Carl von Clausewitz claimed that his book On War contains ideas that “might bring about a revolution” in the theory of armed conflict.1 To answer the question of why he believed this to be so, this book focuses much of its analysis upon the identification and description of those arguments of On War that challenge the conventional military theory of his day. The objective of this approach is not the explication of the text in its entirety, but rather the establishment of precise understandings of those aspects of Clausewitz’s thought and manner of thought that diverge sharply from other prominent military writers of the late eighteenth and early nineteenth century. It is my contention that this action provides a sound point of departure for intelligent engagement with what Clausewitz believed was most original and significant in his famous treatise. And because the kinds of military thinking that Clausewitz attacked still exert a powerful influence, his formulation of an alternative to what he held to be conventional attitudes about war remains worthy of serious consideration with respect to current military affairs. But in the process of elucidating the nature of Clausewitzian theoretical innovation, my monograph paid inadequate attention to the Prussian author’s explanation of the concept of ‘center of gravity’, an aspect of which seems to contradict his stated views on what constitutes a proper theoretical approach. This additional preface, which amounts to an addendum to Chapter Four of the present book, and which provides a modification of one section of the conclusions, deals with this issue.2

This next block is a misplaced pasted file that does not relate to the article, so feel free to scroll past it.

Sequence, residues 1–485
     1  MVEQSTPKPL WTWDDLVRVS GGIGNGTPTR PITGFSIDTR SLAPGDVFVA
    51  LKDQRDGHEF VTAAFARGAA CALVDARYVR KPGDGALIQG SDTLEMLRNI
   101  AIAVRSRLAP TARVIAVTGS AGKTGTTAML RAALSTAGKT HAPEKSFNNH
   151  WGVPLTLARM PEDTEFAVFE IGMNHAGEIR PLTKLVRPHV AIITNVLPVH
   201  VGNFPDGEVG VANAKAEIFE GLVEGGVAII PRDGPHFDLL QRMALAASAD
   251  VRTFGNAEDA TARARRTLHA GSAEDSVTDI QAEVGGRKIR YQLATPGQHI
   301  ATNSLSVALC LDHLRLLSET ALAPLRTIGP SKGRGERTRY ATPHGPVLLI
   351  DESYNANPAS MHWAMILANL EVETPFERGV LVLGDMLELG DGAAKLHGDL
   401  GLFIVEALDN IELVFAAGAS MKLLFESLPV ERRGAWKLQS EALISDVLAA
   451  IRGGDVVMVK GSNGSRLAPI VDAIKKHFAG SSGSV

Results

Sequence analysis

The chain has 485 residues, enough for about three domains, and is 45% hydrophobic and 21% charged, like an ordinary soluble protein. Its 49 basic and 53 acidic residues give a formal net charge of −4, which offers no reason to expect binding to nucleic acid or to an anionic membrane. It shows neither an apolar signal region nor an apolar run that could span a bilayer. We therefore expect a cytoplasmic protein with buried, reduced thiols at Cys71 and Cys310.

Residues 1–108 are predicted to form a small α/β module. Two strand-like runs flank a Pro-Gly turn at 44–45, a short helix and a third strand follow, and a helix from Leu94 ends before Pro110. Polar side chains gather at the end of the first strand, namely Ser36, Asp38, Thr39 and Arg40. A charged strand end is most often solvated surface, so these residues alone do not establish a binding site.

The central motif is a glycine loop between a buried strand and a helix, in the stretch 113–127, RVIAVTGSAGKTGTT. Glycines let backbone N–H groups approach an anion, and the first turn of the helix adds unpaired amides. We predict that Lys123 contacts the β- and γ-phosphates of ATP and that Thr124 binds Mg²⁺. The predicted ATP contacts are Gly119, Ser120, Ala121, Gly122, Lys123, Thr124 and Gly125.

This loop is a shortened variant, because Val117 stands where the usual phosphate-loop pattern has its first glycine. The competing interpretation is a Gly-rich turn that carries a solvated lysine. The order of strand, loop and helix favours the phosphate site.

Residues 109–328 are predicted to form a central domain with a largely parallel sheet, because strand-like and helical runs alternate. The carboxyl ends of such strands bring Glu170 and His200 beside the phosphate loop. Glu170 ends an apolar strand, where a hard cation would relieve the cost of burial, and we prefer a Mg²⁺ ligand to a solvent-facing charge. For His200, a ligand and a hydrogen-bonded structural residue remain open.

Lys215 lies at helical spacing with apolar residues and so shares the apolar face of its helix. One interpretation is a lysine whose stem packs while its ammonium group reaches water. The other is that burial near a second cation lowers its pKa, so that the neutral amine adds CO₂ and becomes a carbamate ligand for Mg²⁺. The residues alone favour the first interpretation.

In the fourth chapter of Book VIII of On War, in discussion addressed to the problem of war planning, Clausewitz puts forward his concept of center of gravity. He defines this as “the hub of all power and movement on which everything depends.”3 Military operational success, Clausewitz contends, is about directing the maximum amount of energy against the enemy’s center of gravity. In most cases of fighting, the center of gravity could be either the enemy army, its capital city, or the army of its alliance partner, depending upon circumstances. But in the case of guerrilla war, Clausewitz maintains that the center of gravity of the insurrectionary force is the personality of its leaders and public opinion.4 The idea of focusing maximum effort alternatively on the enemy’s capital or the army of its ally, and not just the enemy army, amounts to a more sophisticated form of Antoine Henri Jomini’s principle of ‘concentration of [military] force.’ With respect to guerrilla war, center of gravity refers to objectives that could not be achieved through the use of concentrated force. Jomini maintains that guerrilla war is an illegitimate form of conflict, which may explain why the inapplicability of concentration of force to this category of fighting does not seem to have caused him difficulty with respect to his contention that it constituted a universally valid principle of war. Clausewitz, on the other hand, considers guerrilla war to be an acceptable and even necessary form of war that had been brought into being by radical and irreversible political change. He thus had to invent a more flexible concept that would encompass the use of both concentrated and non-concentrated force. In effect, his advocacy of maximizing effort against the enemy center of gravity is an extension of the concept of concentration of force prompted by the adoption of a broader definition of the phenomenon of war.5